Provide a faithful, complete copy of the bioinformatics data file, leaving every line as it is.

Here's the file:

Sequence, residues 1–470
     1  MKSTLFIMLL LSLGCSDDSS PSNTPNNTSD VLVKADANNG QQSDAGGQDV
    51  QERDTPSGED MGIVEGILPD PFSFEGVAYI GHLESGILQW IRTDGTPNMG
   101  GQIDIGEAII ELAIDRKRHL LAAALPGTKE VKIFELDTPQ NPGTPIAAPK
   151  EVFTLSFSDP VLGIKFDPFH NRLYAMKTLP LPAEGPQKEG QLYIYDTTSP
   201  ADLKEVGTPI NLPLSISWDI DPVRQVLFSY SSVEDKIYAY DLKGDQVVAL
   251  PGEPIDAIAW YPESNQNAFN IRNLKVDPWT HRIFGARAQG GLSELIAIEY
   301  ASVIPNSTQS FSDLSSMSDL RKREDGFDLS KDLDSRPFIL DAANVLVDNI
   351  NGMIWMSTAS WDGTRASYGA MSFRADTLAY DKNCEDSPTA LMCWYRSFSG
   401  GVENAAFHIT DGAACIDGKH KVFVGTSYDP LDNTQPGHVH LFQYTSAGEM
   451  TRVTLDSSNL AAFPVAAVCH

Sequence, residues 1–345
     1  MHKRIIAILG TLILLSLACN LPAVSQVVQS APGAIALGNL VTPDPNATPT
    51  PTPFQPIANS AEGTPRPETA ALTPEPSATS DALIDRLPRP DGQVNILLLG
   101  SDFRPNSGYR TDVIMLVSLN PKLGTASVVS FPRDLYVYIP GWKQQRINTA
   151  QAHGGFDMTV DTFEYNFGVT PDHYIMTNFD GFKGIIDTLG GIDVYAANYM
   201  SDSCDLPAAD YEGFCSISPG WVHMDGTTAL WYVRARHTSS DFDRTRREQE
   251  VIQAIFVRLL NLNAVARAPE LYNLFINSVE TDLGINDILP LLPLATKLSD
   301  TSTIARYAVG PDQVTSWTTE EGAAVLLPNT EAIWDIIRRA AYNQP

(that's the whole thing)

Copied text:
Sequence, residues 1–470
     1  MKSTLFIMLL LSLGCSDDSS PSNTPNNTSD VLVKADANNG QQSDAGGQDV
    51  QERDTPSGED MGIVEGILPD PFSFEGVAYI GHLESGILQW IRTDGTPNMG
   101  GQIDIGEAII ELAIDRKRHL LAAALPGTKE VKIFELDTPQ NPGTPIAAPK
   151  EVFTLSFSDP VLGIKFDPFH NRLYAMKTLP LPAEGPQKEG QLYIYDTTSP
   201  ADLKEVGTPI NLPLSISWDI DPVRQVLFSY SSVEDKIYAY DLKGDQVVAL
   251  PGEPIDAIAW YPESNQNAFN IRNLKVDPWT HRIFGARAQG GLSELIAIEY
   301  ASVIPNSTQS FSDLSSMSDL RKREDGFDLS KDLDSRPFIL DAANVLVDNI
   351  NGMIWMSTAS WDGTRASYGA MSFRADTLAY DKNCEDSPTA LMCWYRSFSG
   401  GVENAAFHIT DGAACIDGKH KVFVGTSYDP LDNTQPGHVH LFQYTSAGEM
   451  TRVTLDSSNL AAFPVAAVCH

Sequence, residues 1–345
     1  MHKRIIAILG TLILLSLACN LPAVSQVVQS APGAIALGNL VTPDPNATPT
    51  PTPFQPIANS AEGTPRPETA ALTPEPSATS DALIDRLPRP DGQVNILLLG
   101  SDFRPNSGYR TDVIMLVSLN PKLGTASVVS FPRDLYVYIP GWKQQRINTA
   151  QAHGGFDMTV DTFEYNFGVT PDHYIMTNFD GFKGIIDTLG GIDVYAANYM
   201  SDSCDLPAAD YEGFCSISPG WVHMDGTTAL WYVRARHTSS DFDRTRREQE
   251  VIQAIFVRLL NLNAVARAPE LYNLFINSVE TDLGINDILP LLPLATKLSD
   301  TSTIARYAVG PDQVTSWTTE EGAAVLLPNT EAIWDIIRRA AYNQP